Anti-Fossil Fuel Group’s Pick, Andrew Romanoff, Touts School Investments Backed By Oil And Gas
A national group’s endorsement of former Gov. John Hickenlooper’s primary opponent in the Colorado Senate Democratic primary could prove a source of irritation based on the candidate’s continued promotion of and reliance on fossil fuels to back education investment and construction in the state, according to analysis by Western Wire.
The Sunrise Movement, which opposes fossil fuel development and is the source of the proposed ‘Green New Deal,’ has backed former state legislator and Colorado Speaker of the House Andrew Romanoff in his bid to deny the 2020 nomination to Hickenlooper. Instead, they view Hickenlooper, who bowed out of his presidential bid earlier in the year, as too “dangerous” on climate issues including natural resource development to compete against U.S. Sen. Cory Gardner, the Republican incumbent.
In his own campaign efforts, Romanoff bragged in early November about teaming with former Gov. Bill Owens, a Republican, to build a plan to help the state emerge from recession, including schools.
He even features the claim on his campaign website.
“He crafted an economic recovery plan to put thousands of Coloradans back to work, built a bipartisan coalition to pass it, and secured the largest investment in school construction in state history,” Romanoff’s site proclaims.
This echoes his 2010 stump speeches featuring the disparity in education funding between Denver and rural parts of the state, which were severely underfunded, he said. To bolster spending, Romanoff helped to push the BEST Act–”Building Excellent Schools Today Act”–using trust money and lottery revenue.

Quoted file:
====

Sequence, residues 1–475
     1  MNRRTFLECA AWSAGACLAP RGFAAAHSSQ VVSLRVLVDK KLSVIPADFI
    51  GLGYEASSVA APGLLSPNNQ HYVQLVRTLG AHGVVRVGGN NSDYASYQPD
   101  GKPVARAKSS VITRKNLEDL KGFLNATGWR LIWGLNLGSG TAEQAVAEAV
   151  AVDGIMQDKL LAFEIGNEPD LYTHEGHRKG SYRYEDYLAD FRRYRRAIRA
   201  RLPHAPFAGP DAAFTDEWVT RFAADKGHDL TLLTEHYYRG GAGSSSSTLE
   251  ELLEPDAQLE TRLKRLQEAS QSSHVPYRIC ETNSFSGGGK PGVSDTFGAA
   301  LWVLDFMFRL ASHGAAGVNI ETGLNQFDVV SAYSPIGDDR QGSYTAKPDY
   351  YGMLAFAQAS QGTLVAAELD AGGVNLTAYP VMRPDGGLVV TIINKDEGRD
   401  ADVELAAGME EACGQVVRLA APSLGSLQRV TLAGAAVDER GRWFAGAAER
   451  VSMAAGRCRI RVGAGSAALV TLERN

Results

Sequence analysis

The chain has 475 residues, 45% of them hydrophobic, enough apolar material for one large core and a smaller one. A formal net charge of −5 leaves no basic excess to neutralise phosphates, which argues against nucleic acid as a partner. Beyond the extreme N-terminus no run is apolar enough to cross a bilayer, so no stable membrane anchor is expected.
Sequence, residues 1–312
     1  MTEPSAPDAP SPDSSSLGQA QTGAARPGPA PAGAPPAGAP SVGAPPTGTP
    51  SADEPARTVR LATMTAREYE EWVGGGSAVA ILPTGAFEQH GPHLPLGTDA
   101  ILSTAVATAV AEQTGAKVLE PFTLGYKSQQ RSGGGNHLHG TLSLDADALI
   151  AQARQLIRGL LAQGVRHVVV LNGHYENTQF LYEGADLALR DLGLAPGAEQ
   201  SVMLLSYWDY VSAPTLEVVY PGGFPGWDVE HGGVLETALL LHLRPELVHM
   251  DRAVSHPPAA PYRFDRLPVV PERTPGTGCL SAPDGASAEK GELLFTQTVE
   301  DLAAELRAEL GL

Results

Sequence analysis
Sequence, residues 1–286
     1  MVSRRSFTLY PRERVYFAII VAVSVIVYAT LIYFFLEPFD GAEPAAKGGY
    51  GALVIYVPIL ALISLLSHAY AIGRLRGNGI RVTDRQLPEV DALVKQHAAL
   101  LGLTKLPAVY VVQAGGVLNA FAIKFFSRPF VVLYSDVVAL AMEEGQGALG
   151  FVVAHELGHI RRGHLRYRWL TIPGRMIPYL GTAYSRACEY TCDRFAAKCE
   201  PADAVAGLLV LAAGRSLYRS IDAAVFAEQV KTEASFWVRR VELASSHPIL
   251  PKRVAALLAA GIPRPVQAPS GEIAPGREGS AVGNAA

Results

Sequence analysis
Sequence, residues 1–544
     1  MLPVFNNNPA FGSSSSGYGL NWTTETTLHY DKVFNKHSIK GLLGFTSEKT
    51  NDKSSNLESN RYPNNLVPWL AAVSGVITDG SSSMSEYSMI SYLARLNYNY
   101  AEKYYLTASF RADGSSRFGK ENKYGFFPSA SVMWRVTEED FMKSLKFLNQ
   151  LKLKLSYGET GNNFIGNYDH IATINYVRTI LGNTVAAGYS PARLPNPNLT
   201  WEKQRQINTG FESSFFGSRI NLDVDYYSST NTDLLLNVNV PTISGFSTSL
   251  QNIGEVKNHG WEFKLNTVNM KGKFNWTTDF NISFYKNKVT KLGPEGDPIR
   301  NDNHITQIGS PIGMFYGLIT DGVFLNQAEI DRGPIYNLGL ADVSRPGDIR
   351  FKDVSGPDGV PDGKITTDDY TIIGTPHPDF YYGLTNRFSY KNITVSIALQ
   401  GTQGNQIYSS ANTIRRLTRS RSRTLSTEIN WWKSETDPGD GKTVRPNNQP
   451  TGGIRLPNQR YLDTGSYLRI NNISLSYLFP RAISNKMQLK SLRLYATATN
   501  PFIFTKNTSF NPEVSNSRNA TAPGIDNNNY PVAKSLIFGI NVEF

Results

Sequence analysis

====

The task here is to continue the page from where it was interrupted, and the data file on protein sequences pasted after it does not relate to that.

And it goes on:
The large majority of the trust fund Romanoff leaned on for funding, around 80 percent, comes from oil and gas revenues, according to a video from the Colorado State Land Board “about how oil and gas leases on trust lands have earned nearly a $1 billion for Colorado’s public schools.”
“The first part of that mission is to generate revenue for Colorado school kids, using the land and resources that were given to us at statehood … Approximately 80% of the revenues generated by the Colorado State Land Board come from oil and gas. That amounts to about $1 billion over the last 10 years. … The State Land Board serves as the primary funding source for the BEST program,” the 2018 Department of Natural Resources and Land Board video touts.
Most of the revenues generated by the trust via oil and gas income is used for rural school construction, which traditionally have much smaller tax bases than their urban counterparts, the Land Board video added.
In addition, a recent Common Sense Policy Roundtable report outlined the potential lost revenue for educational investment if local communities along the state’s Front Range, including some of its largest municipalities, enact policies that curtail oil and gas production. The group estimated between $822 million and $1.1 billion in additional revenues over the next decade could be missed if such policies occur.
This is not Romanoff’s first Senate run, as he unsuccessfully challenged U.S. Sen. Michael Bennet in 2010, after Bennet was tapped to fill out the term for former U.S. Sen. Ken Salazar, who was elevated to Secretary of the Interior in President Barack Obama’s first term.